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Discussion Starter · #3 ·
That would be great. I was looking for help from start to finnish. I am just trying to see if it would be cheaper to have it paved or do my own concrete. I am looking at 30'x35' that I want to do.
 

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I'd be interested in the info. I want to pour a concrete drive also. Post it on here for all to read.
 

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well the bigest part of the project will be the prep. you want to make sure your have a good base no organics and have it compacted good. Radiant heat under is nice but I hear it can cost an arm and a leg to run.

thickness would be on my mind for pouring concrete you want to make it thick enough for maybe a used oskosh or fwd :D and you would want to go with a high strenth mix maybe 4-5Klb

oh and don't forget your rebar.

I'm sure Paul can shed alot more info on this
 

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Discussion Starter · #7 ·
My first ?s...

Yes I planned on 6" concrete.... do I need 6" of base below that (sand)

Yes I planned on rebar and hydronic tubing with a 2" reflective foam insulation. I don't plan on running it, but it is a lot cheaper now just to run the tubing.

For this type of environment, pour the slab in how many sections and then saw cut reliefs? or not do saw cuts and create more joints?
 

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Howard i'm not a concrete guy but I would do this probably over kill I'm sure but I would dig down 2' unless you have good base and put a crusher run compacting every 6" between lifts till you get it to where it has to be for the tubing and fowm insulation.I have never run anything under a driveway like that so I'm not sure on that part of it.As far as the control joints I would split it down the middle 15' and 15' by the 35 long also puting surface control joints or cuts after if that is easier segmenting it more. but the main joint they sell a backer that you can put bewteen to give it the expantion but also make sure the rebar conects the two. If you dont' do the split them a saw cut down the middle would be what most people would do. well right or wrong that is how i would do it if it was mine . but I think the base is the most important part of it. They did a driveway next to a job I was doing and they took it down very deep for the pavers so weather pavers or a pour the base would be the same and after a few years the diveway still looks great.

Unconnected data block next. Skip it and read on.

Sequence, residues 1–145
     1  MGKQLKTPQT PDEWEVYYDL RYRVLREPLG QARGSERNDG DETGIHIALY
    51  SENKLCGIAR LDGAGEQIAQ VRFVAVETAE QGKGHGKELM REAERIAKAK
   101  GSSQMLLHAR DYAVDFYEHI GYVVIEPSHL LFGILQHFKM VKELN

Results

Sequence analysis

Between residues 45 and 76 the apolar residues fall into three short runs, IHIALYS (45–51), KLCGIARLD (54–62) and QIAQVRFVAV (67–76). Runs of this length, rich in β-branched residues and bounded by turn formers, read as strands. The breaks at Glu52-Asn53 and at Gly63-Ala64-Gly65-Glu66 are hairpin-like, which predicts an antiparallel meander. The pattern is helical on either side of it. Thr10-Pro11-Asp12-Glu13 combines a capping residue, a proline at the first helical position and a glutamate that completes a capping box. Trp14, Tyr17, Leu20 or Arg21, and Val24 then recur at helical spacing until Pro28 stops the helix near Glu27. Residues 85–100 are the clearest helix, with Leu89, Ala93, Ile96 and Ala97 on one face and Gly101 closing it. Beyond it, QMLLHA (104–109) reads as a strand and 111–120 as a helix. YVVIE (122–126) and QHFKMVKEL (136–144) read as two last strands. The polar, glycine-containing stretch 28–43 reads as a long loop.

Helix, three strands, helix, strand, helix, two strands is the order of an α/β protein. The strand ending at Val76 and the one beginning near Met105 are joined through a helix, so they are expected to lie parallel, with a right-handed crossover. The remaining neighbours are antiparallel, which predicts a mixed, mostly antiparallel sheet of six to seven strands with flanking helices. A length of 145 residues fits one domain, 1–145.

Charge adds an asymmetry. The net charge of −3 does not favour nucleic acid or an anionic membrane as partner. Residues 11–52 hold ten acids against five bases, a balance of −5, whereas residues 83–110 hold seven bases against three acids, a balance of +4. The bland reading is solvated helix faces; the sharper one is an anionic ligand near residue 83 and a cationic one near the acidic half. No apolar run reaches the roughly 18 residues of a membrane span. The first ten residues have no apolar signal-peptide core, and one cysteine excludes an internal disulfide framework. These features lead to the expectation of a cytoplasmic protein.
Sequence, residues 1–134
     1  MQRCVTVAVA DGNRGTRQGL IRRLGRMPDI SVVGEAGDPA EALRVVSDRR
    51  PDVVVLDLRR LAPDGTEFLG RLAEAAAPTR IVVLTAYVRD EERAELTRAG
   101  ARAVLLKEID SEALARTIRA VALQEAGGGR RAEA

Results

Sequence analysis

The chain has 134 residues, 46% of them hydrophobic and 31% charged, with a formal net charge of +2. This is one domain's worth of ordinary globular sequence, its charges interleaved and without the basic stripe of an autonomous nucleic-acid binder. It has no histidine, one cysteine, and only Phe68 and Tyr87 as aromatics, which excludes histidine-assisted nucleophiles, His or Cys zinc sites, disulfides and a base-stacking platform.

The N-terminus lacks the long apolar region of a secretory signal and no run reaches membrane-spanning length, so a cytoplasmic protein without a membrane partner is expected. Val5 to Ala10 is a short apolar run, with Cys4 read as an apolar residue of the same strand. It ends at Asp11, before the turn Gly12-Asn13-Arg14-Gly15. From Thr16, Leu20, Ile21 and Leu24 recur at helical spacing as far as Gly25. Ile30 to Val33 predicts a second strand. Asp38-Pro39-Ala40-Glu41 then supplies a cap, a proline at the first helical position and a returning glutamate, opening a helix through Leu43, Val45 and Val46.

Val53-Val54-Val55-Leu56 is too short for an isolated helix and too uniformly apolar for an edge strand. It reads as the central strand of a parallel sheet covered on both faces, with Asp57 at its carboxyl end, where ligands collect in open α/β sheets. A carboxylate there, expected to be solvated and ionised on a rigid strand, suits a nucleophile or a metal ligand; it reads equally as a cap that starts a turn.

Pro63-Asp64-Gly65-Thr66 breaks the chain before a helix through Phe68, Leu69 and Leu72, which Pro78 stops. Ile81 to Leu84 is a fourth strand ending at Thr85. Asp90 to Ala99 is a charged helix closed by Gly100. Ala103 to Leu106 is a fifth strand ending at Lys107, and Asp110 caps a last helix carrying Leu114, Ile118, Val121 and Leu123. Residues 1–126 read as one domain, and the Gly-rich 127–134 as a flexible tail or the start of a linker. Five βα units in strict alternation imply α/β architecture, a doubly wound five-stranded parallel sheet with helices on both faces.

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My first ?s...

Yes I planned on 6" concrete.... do I need 6" of base below that (sand)

Yes I planned on rebar and hydronic tubing with a 2" reflective foam insulation. I don't plan on running it, but it is a lot cheaper now just to run the tubing.

For this type of environment, pour the slab in how many sections and then saw cut reliefs? or not do saw cuts and create more joints?
Howard, like Cat said, whatever you decide to put in your driveway, the base is the key. Depending on your native soil conditions, a base of 3/4" crushed gravel under the slab is prefferd, for strength and drainage. The drainage is important to keep things in place and to prevent heaving. What type of soil/subsoil conditions do you have there? How deep does the frost get?
 

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if you are sawing joints in, you should be ok with splitting it into 2 pours if doing it yourself ........caulking the joints (colored caulk) is something to think about also?? intregal coloring would be an easy way to make it unique, w/ a different colored caulk??...............BLACK, it'll melt snow faster:wink


base is important.......but thats not on a time frame??? I would definitely say pouring/finishing is what you need to be prepared for......grade is easily changed, but when the truck shows up, be ready ,cause once its on the ground you'll have x amount of time to make it right and thats it...........digging down 2ft for a driveway seems excessive, unless you have terrible soil conditions.......but if you have that much extra time and money then to each his own???
 

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Discussion Starter · #12 ·
Looks like somebody is going to get sweaty .....

What kind of finish , broom or stamped any color ?